We've had an explosion of music. There are more live music venues now in Metropolitan Denver than there are in Metropolitan Austin or Metropolitan Nashville. And then last the brewpub explosion has just---now we're approaching 400 craft breweries in the state of Colorado and there are only five and a half million people here. So on a per capita basis, we're close to the top of any state in the country.
How do breweries affect the community? You mentioned earlier that you received a loan from the city of Denver when you were opening up Wynkoop - as an Economic Development Loan. So clearly the city - local government - sees a purpose in opening a brewery.
I'll tell you from two sides. I think making things by hand - craft manufacturing of all different varieties is essentially a job creator and can be a key part of an economic revival. And certainly in brewing. When you have, let's say...in Colorado now, let's just say 400 breweries...and let's say on the average, if you include the distributors and the retailers, you're talking about 12,000-14,000 jobs just from that one industry. I mean it's hard to get any brewer to come, who knows what they're doing, who's going to come to work for less than, you know, $40,000 a year. Some of the small places when they first start out, they maybe pay a little less than that, but they're pretty good paying job. So they give back to the community just in terms of the economy.
But also, craft breweries...you see them at the cutting edge of community involvement. And I like to say that we helped start that - at least in Colorado - because we got asked to support charities all the time. We kept saying, 'well, we're a pretty small little business...we don't have a whole foundation to give things away." And we spent a couple of years trying to figure out - what is the thing we can do - for each nonprofit, each charity that comes and asks for help -that we can say 'yes' to all of them? And the one thing was that, once you've got your brewing system up, we could produce a keg of beer for under 20 bucks.
And so we thought we can give everybody a keg of beer and if you sell that keg of beer - if they go out and have a fundraiser and they sell it for, you know, 3 bucks for a 10 ounce glass...you end up raising over $700 bucks out of that keg of beer. So that was something we felt that we could do for every charity. And we had, we had a couple of years where we would give away 400-500 kegs of beer. It became pretty popular in the nonprofit community. People go to the charity and they see Wynkoop beer and they're all about. "Wow, how did they get Wynkoop beer here? That's great. You know, it's spectacular. What a good company they must be to be donating to this charity."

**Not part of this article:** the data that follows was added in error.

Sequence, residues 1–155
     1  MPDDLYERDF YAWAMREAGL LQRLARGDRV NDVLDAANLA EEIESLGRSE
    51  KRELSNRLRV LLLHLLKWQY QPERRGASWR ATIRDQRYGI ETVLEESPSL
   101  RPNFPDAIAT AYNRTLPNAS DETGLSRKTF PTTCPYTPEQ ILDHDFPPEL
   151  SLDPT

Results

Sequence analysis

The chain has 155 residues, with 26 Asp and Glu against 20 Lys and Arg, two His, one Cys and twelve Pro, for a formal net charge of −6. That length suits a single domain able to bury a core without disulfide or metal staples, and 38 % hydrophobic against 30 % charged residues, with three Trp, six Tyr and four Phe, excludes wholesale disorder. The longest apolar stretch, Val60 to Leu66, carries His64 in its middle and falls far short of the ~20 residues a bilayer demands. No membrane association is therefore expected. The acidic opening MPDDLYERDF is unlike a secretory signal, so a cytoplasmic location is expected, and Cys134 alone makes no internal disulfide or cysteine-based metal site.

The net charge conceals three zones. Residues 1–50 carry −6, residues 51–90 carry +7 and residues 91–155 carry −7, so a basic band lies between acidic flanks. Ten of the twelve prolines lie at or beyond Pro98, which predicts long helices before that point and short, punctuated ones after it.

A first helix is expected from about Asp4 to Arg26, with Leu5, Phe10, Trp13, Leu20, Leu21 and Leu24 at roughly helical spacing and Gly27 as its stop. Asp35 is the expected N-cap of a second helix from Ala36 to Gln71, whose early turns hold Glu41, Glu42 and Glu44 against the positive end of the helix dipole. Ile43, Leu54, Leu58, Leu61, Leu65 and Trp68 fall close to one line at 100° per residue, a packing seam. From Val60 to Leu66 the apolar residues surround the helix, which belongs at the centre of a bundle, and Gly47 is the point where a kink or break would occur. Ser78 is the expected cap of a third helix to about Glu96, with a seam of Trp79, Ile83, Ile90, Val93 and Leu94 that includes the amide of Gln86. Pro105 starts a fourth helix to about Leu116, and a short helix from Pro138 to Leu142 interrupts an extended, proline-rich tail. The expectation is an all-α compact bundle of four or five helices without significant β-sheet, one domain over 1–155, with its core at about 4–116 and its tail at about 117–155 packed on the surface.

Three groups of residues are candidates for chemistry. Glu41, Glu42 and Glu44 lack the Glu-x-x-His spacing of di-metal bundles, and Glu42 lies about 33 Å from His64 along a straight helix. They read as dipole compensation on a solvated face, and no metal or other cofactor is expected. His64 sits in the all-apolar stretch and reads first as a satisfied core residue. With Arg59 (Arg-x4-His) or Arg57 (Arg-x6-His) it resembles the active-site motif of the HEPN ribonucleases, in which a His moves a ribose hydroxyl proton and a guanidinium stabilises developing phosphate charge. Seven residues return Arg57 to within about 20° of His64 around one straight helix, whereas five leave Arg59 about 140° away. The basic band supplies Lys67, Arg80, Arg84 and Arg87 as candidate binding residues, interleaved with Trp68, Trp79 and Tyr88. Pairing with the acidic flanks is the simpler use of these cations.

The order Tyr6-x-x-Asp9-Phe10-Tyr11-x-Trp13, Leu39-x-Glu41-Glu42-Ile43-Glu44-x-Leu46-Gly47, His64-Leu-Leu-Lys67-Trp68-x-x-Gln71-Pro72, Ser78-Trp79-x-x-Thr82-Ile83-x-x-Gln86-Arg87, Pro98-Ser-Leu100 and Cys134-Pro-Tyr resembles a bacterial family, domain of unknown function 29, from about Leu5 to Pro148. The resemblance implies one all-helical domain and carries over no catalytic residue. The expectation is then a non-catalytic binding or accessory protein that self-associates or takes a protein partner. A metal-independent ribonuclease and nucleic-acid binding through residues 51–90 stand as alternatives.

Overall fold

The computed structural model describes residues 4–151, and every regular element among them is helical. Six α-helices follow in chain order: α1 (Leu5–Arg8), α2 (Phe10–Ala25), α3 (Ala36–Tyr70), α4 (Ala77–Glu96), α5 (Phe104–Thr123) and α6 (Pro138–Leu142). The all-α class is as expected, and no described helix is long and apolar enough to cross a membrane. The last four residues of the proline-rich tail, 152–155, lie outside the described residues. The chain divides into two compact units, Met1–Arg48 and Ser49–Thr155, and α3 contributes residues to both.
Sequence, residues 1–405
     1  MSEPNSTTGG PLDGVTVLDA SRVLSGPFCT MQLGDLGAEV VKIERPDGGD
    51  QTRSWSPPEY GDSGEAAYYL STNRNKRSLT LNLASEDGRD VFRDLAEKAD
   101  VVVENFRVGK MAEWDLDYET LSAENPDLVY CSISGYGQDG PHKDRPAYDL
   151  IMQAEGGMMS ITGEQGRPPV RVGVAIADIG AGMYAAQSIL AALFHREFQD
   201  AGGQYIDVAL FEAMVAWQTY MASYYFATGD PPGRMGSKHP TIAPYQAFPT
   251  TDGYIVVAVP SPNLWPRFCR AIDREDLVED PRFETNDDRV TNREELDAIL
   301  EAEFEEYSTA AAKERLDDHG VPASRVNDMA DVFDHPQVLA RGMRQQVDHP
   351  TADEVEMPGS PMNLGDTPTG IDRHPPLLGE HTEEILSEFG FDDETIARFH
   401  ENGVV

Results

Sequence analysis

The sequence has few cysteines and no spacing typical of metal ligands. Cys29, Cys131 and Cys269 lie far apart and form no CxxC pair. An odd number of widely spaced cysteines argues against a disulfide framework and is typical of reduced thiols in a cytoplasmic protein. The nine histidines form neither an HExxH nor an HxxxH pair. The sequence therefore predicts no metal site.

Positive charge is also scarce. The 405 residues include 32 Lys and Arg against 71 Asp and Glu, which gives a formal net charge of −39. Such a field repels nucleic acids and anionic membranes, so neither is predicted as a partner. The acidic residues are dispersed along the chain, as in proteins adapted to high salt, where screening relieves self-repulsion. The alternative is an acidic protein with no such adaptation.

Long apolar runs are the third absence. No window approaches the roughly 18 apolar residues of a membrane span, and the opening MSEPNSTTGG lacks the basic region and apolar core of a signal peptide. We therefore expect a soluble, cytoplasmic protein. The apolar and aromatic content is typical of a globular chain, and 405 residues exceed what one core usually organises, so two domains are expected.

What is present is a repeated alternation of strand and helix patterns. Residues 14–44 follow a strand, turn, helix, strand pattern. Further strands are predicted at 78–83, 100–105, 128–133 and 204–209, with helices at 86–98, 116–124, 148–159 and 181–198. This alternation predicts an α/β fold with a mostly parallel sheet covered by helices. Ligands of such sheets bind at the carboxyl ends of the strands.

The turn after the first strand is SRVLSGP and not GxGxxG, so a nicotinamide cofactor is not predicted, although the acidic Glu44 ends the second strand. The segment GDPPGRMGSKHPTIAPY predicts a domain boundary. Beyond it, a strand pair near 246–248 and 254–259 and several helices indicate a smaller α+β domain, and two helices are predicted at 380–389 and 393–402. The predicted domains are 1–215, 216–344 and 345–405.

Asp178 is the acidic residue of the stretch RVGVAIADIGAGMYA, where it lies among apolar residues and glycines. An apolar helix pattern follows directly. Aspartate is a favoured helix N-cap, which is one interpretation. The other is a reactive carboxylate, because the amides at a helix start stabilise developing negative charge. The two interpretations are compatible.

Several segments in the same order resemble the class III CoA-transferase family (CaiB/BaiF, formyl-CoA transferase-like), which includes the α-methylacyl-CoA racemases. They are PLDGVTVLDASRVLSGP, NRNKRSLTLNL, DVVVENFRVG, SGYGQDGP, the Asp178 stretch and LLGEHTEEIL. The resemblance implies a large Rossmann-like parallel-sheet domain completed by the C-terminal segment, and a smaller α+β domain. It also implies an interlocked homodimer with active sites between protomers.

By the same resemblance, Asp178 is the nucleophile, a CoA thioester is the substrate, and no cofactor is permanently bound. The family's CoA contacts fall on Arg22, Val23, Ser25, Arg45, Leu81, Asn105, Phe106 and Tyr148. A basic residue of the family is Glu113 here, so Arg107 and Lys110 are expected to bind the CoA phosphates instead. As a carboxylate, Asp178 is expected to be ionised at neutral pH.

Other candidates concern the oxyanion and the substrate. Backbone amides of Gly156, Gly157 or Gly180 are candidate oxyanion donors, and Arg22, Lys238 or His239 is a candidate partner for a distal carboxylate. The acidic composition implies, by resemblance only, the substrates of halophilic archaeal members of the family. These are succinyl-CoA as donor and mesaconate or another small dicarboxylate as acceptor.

You have New Belgium in Colorado - just from a "community impact" standpoint - they're one of the leaders.
Yeah. Kim Jordan has created a culture there. I always tease her that her brewery isn't quite as old as the Wynkoop. But you know...when I was the chair of the Association of Brewers and she was the chair of...whatever the BAA was - Brewer's Association of America, the two of us...engineered the merger to create that combined integrated support organization for all craft brewing.
In doing that we got to know each other really well. And one of the things that distinguishes Kim from many other small businesses (obviously she's more of almost a large business now) is that she felt that everything they do should be improving the economy and improving the world. So she was trying to create as many jobs as she could. She was really focused on being green. I mean, she was one of the first craft breweries to sell it - "we're not going to use any electricity generated from the combustion of coal or oil."
And I think by taking that leadership role - and reutilizing any lost heat...all the different ways they are conservation-minded, they became a symbol for the rest of the business community. And I think New Belgium really has stepped up and become one of the most admired craft brewers in the country.
And so many other breweries started following their lead. And then all of a sudden, we're all kind of helping out our communities.
Exactly it has become, it's become part of the identity, part of the brand of craft brewing itself.
There is a new law in Colorado - starting in January of 2019, [higher ABV] beer will be sold in grocery stores. What does this mean for independently owned liquor stores and breweries?
Well, we'll see. Certainly the competition will be much more significant. That being said, there's a lot of discussion about whether overall it might drive a growth in sales to compensate...and that maybe there won't be that many of the small retailers that fail...When the General Assembly was creating that legislation, they did try to protect the smaller retail stores....
Let's say the Trump Administration made you 'Czar of Beer' - you can change anything you want in the industry, as far as regulatory stuff goes. Would you? I mean is the three-tier system working or does it need to be changed?
Well, you get into the details of it and obviously there are always things you could do to improve it. You know, I look at the big picture. And again, it's such a great job creator. If you look at smaller cities and towns that are trying to reinvent themselves, the ones that are succeeding almost always have a brewpub close at hand.